UK Politics

Dangerous dogs: Government to act on attacks on private property

A muzzled and leashed pitbull terrier
Image caption An estimated 210,000 people are attacked in England every year

Dog owners in England and Wales will no longer be immune from prosecution for attacks on their own property under new proposals from the government.

People could face a two-year jail sentence if their animals are found to be "dangerously out of control" in their own or others' homes.

Existing laws only cover attacks in public places and prohibited areas.

The move follows public outcry over the death of 14-year old Jade Anderson who was mauled by dogs last month.

Police currently have no plans to prosecute anyone in relation to her death, which occurred in a private home in Atherton, Wigan, saying there is no evidence a crime has been committed and they are bound by the law.

More than 2,000 people have signed the Justice for Jade e-petition, which calls for laws "to make dog owners accountable" for attacks on their property.

The laws covering dangerous dogs have long been controversial. Legislation introduced in 1991, prohibiting ownership of certain types of animal and allowing for mandatory destruction orders, was subsequently heavily criticised as being unfit for purpose.

The Dangerous Dogs Act introduced an offence of being the owner of a dog that was dangerously out of control in a public place or a "non-public place in which it is not permitted to be".

'Brought to justice'

Ministers believe more needs to be done to tackle irresponsible dog owners and increase public safety but their approach was attacked as "woefully inadequate" by a group of MPs earlier this year.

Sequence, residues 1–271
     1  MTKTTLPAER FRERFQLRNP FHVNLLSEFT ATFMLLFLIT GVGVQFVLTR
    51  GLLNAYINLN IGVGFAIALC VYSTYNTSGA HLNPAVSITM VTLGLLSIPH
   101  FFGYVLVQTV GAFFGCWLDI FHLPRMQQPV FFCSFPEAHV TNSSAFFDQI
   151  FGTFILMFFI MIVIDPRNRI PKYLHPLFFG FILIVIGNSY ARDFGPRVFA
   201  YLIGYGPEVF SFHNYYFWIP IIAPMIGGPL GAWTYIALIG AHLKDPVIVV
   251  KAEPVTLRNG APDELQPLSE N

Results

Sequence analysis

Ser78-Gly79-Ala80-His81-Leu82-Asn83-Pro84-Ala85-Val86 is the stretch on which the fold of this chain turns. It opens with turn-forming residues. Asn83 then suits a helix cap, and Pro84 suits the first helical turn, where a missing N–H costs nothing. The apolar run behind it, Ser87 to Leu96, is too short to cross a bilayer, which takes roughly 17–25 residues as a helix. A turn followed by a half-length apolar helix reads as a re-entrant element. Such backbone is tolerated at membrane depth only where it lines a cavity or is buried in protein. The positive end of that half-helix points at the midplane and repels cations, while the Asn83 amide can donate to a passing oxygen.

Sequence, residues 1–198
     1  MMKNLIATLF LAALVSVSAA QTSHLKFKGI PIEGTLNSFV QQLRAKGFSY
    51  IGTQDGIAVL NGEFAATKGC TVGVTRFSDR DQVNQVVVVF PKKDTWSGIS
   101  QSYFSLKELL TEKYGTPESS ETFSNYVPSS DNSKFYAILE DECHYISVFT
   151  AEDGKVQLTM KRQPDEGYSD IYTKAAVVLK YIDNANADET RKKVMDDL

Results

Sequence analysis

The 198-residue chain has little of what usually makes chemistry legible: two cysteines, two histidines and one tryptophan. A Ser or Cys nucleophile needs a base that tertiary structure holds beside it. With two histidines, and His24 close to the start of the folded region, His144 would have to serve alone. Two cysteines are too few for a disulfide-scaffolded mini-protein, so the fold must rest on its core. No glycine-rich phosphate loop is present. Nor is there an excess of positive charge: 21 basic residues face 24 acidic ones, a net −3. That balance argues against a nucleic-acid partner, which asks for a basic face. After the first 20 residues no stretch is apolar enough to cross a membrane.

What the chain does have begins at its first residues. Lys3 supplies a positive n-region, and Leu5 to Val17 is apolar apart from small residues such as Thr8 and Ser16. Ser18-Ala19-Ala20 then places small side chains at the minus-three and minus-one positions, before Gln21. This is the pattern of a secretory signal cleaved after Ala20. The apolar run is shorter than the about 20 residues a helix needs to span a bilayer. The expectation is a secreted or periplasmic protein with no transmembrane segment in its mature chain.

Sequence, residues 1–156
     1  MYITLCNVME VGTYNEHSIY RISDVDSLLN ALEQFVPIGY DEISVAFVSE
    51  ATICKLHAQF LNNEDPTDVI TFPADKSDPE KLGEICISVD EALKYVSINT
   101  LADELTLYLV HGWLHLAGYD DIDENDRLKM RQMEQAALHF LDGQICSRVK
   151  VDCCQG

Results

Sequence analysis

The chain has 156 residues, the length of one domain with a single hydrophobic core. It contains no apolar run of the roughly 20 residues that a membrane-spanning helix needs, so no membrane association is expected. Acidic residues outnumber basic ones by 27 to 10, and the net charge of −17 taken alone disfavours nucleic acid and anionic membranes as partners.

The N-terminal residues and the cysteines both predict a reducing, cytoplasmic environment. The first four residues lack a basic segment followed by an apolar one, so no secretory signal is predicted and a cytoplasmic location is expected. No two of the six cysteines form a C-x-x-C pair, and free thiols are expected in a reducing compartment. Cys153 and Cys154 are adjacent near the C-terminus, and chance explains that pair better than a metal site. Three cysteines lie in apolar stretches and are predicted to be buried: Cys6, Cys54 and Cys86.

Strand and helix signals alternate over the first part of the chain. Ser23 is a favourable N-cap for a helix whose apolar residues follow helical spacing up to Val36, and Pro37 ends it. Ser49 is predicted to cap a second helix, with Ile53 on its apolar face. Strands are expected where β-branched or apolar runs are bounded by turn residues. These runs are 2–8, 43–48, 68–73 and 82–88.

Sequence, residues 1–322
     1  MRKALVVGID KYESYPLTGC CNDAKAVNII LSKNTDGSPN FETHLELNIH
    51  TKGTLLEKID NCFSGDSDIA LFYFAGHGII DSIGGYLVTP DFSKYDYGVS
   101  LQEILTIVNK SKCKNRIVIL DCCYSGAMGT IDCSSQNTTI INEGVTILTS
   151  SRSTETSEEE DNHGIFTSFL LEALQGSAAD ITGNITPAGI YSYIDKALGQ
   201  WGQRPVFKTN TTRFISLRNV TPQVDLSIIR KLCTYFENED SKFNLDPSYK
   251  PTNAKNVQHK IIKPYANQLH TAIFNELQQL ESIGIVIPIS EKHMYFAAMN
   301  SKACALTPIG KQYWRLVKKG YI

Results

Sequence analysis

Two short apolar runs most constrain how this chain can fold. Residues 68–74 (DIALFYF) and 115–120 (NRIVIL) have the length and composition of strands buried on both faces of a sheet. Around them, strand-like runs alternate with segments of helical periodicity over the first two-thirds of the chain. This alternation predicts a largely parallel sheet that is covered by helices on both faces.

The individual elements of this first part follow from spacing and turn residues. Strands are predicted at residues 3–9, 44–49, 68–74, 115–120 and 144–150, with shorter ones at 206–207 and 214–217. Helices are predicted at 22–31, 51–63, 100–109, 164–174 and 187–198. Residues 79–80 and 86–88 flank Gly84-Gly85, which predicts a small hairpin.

The government has now published draft proposals, which would see owners prosecuted if they failed to prevent their animals attacking others in their own home or someone else's property. If convicted, they could face a custodial sentence of up to two years or an unlimited fine.

"Out-of-control dogs are just as much a threat on private property as in public places," said animal welfare minister Lord de Mauley. "We are extending the law so that owners who allow their dogs to be dangerously out of control anywhere can be brought to justice."

Prosecutions could also be brought for attacks on guide dogs and other assistance dogs which ministers say can have a "devastating" effect on their owners' independence and quality of life.

Under government plans, there will no protection for burglars and other trespassers who enter someone's property uninvited and are attacked.

However, the courts would be able to consider the character of a dog owner among other factors when deciding whether a banned breed should be exempt from destruction.

When a banned breed is identified, owners can apply for it to be saved but, at the moment, courts can only take into account the temperament and past behaviour of the dog when deciding its future and not the actions of its owner.

'Major loophole'

Unions representing postal, utility and delivery staff have long argued for laws to be extended to cover attacks in dog owners' homes, saying this is a "major loophole" in the law and their workers - as well as others - need more protection.

According to the CWU postal union, 23,000 postmen and women have been attacked by dogs in the last five years, with as many as 70% of these attacks taking place on private property.

Unions have expressed concern that there was no specific timetable for implementing the new proposals and that they would not be as tough as those already in place in Scotland and Northern Ireland.

Local authorities there are able to issue dog control notices at the first sign of trouble in an effort to deal with animals before they become a danger to the public. Owners can be ordered to leash or muzzle their dogs and to take training courses.

"While we welcome the publication of draft clauses to extend the law to private property - which is a longstanding loophole leaving thousands of dog attack victims without recourse in law - there is still no timetable for the implementation of this change," said CWU general secretary Billy Hayes.

"The government is showing little urgency in bringing these legal changes forward. For every day of delay, 12 postal workers are being attacked and we have now seen 15 people killed by dogs in recent years. Change cannot come soon enough."

The government said it wanted the proposals to be introduced as soon as possible and one option was to include them in the anti-social behaviour bill, published in draft form in December and which is currently being studied by MPs.

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